Have a wonderful Christmas!

    Love, Jane Riedel

  3. saradachaudhuri Says:

    Thank you for sharing this Catherine – it really touched me, and has inspired me to keep making a small change each day…

  4. divalamode Says:

    Everything, everything is an invitation to Love. Even this tragedy. As you wrote, these kinds of horrific, senseless, mind-blowing events happen every day around the world. It’s only when they hit close to home that we remember that.

    What is there to do but decide to shine more light, more Love, in every way we can. Everything is a call to Love. Everything is an opportunity to allow more Love.

    • averydesigninteriors Says:

      Nancy, thank you so much for your beautiful words. Was it Marianne Williamson who said that there is only love and fear? At any rate, let’s choose love. So glad you are shining your light here and elsewhere. Warmest holiday wishes to you and yours!

  5. Laura Says:

    It’s interesting….I found myself doing just this as I was having lunch….what is the biggest challenge that person has today? …. what is that person going to celebrate?….How can I help that person over there? …. the event tragic beyond comprehension, the heartbreak palpable and the lessons enormous. The Dad, Robbie Parker, who lost the ultimate was able to express it best: ….let the event be “……something that inspires us to be better, to be more compassionate and more humble people. Let the sentiments of love and the compassion we feel for others stay with us at all times.”

  6. SandiGordonCoaching (@SandiGordon) Says:

    What a wonderful heartfelt post, Catherine. I pray that we all take your words to heart and be the change we want to see in the world.

  7. Pray for Newtown | stylesson Says:

    […] make a change and heal the world […]

  8. Sarah/ @sdevon Says:

    Beautiful Catherine and I agree with you wholeheartedly! I’m so very, very sorry about your best friend too; I had no idea you had suffered that personal loss.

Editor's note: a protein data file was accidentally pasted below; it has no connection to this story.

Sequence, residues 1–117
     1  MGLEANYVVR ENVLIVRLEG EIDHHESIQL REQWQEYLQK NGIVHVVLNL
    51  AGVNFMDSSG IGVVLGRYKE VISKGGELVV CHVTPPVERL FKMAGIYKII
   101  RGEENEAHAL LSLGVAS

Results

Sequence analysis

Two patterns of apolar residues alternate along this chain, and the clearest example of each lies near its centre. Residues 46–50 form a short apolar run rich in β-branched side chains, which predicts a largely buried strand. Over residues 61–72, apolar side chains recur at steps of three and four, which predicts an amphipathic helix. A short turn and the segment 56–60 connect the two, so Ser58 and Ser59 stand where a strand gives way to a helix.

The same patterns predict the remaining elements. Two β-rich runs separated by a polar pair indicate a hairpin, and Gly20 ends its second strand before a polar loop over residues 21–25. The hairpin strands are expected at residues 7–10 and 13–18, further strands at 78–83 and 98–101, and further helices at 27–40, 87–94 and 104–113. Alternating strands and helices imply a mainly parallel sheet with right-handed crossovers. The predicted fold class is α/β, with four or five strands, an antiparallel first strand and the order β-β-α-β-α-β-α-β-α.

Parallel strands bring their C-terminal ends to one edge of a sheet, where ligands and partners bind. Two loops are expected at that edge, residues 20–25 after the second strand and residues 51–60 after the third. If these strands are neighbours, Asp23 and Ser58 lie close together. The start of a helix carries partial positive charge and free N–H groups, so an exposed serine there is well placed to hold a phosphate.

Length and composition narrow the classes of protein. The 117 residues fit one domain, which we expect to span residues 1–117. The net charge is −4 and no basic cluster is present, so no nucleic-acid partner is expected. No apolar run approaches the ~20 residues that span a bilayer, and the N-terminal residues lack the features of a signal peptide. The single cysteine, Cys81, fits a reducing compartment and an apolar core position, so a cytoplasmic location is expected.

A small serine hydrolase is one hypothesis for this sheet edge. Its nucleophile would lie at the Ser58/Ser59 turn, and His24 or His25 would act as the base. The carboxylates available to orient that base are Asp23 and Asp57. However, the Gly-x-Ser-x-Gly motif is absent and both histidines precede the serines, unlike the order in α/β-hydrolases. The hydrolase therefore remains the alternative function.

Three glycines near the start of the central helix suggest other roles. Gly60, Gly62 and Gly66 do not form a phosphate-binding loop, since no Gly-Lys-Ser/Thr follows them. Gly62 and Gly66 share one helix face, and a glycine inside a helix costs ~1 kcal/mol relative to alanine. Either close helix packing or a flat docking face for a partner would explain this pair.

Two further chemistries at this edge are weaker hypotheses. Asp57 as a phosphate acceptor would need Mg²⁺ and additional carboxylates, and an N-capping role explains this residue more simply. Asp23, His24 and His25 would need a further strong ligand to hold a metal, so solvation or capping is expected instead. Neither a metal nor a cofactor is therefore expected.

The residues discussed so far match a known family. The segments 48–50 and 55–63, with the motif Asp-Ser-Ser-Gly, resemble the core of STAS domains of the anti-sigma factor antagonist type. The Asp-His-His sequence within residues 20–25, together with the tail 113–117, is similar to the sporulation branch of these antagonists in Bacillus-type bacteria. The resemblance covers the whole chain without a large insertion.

This has been a heavy, heavy year for so many and I think I collectively when I say we all are devastated that we allowed our society to get to such an out-of-control point that a massacre on pure innocence could take place. It is a horrible reality and one that we must move away from. We need to heal this nation and that will happen through cumulative efforts, such as you described, on so many levels by EVERYONE. As President Obama so eloquently stated, referring to the promise we must make to those whose lives were taken, “for those of us who remain, let us find the strength to carry on, and make our country worthy of their memory”

    Thank you, Catherine! Peace and blessings to your and your family this Christmas! ~ Sarah

  9. Lorraine Duncan Says:

    Sometimes the “How” is much more important than the “Why” for all these senseless acts in life. I find myself always saying how can I help the person down the street or my next door neighbor or even a family member. I’m focusing on the “How”. Thank you for this post Catherine, I am honored to be in your BNI group. Yesterday when we we were talking in the morning, I saw the real you tender and full of grace and empathy. YOU Rock!
    Blessings Lorraine